Our Order of Worship

Our worship is communal worship, that is, worship of the congregation. There are; of course, different ways in which we can speak of the worship of God. Historically, a distinction has been made between “solitary worship” and “communal worship.” The former refers to the individual acts of worship performed by the believer in his own “inner closet”—to use the expression of Jesus. The individual worships when he prays, studies, and meditates upon the Scriptures, searches himself in true spiritual self-examination, and engages in such similar acts which bring him consciously into the presence of God. There are also different forms of “communal worship.” Family devotions about the table, believers reading Scripture together or praying together—under whatever circumstances this may be—all these are various kinds of communal worship. The communal worship of which we are speaking in these articles is the worship of the church of our Lord Jesus Christ. This too is an important part of worship, specifically commanded by the Lord and enjoined upon us in the Scriptures. 

It is quite important, I think, to consider this aspect of our worship for a bit. The importance of considering it lies in the fact that this is being increasingly ignored in those churches which engage in forms of liturgical renewal. I do not refer to the fact that in many churches, the church buildings, are half empty during the worship services because some of the members of the congregation do not come to church on the Lord’s Day. This is true, and a situation to be deplored. But I refer rather to the fact that it is becoming increasingly common for children to be sent out of the worship services very shortly after the services are begun.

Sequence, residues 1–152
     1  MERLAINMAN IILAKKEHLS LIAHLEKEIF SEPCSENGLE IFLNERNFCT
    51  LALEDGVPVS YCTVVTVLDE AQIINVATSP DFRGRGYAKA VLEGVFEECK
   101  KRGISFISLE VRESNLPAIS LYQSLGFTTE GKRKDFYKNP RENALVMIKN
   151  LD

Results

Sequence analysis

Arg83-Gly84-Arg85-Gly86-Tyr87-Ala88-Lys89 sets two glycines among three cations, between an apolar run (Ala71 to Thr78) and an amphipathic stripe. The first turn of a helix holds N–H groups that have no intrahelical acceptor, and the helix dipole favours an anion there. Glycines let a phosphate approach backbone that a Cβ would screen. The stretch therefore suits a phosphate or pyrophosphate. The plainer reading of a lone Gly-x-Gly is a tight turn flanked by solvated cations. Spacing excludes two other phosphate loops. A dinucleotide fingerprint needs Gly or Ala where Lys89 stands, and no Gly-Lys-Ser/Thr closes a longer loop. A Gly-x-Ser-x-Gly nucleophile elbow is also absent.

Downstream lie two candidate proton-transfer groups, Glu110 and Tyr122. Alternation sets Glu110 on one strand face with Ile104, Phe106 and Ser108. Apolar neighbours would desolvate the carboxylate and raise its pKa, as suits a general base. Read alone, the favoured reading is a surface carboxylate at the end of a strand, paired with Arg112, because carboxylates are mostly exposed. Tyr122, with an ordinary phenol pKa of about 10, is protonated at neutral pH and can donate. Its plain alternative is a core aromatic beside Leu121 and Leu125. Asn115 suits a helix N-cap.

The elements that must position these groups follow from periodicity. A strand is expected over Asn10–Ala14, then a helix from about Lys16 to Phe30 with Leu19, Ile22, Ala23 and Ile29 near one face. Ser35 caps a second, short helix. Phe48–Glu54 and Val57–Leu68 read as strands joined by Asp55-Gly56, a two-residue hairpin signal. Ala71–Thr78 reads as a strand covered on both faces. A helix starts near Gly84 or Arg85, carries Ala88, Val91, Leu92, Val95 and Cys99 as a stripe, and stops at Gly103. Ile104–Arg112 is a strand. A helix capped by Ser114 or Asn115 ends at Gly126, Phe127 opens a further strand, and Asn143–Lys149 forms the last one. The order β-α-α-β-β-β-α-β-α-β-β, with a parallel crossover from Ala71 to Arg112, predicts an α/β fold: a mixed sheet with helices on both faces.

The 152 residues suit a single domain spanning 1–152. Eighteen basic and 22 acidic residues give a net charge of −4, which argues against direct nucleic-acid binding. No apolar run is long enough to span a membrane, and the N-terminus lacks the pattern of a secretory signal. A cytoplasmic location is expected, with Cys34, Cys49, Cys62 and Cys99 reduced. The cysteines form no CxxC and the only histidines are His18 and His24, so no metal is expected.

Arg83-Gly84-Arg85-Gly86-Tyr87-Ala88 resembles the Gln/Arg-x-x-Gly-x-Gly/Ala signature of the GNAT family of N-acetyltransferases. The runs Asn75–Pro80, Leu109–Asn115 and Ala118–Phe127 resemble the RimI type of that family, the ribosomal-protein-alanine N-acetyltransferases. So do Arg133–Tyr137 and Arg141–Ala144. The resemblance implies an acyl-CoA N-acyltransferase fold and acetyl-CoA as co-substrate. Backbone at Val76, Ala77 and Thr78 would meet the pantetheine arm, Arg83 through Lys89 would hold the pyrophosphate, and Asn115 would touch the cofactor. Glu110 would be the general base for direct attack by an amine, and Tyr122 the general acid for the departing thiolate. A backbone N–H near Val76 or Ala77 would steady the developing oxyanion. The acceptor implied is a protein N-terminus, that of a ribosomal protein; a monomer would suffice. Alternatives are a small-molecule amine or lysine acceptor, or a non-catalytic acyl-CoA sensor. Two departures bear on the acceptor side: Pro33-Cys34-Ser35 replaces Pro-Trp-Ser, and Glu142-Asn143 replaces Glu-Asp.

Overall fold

Usually what happens is something like this. After the service is introduced, the minister descends from the pulpit, stands before the front row of pews, summons the children of the congregation to the front, and talks to them for a few moments about some subject that happens to strike his fancy. After he has finished, the children are ushered out of the auditorium to hold their “children’s services” in some other part of the building under the leadership of someone other than the minister. Only the adults remain to participate in the rest of the service. 

The argument which is used to justify this course, of action is usually that the service as a whole is aimed primarily at adults, that it is far beyond the comprehension of children, and that it is therefore better to exclude them from the worship service so that they can have their own services under someone other than the minister on a level more suited to their intellectual capacities. 

This is an extremely serious mistake and a totally false line of argumentation. 

Whatever may be the nature of those meetings which are held with the children outside the auditorium, they can never be called worship services by any stretch of the imagination. The result is that children simply are not given the opportunity to worship God on the Lord’s Day. Nor is it true that the intellectual capacity of children is so small that they cannot understand anything of the worship services, that what goes on is over their head, that the service’ is aimed at adults only. This is all specious reasoning which has not a grain of truth in it. Of course, we recognize the fact that the capacity of children to understand is less than that of adults – all other things being equal; but, on the one hand, children understand a whole lot more than we give them credit for; and, on the other hand, the ultimate benefit of the service in worship depends upon the work of the Spirit of Christ Who works in the hearts of the children of the covenant as well as in the hearts of the adults.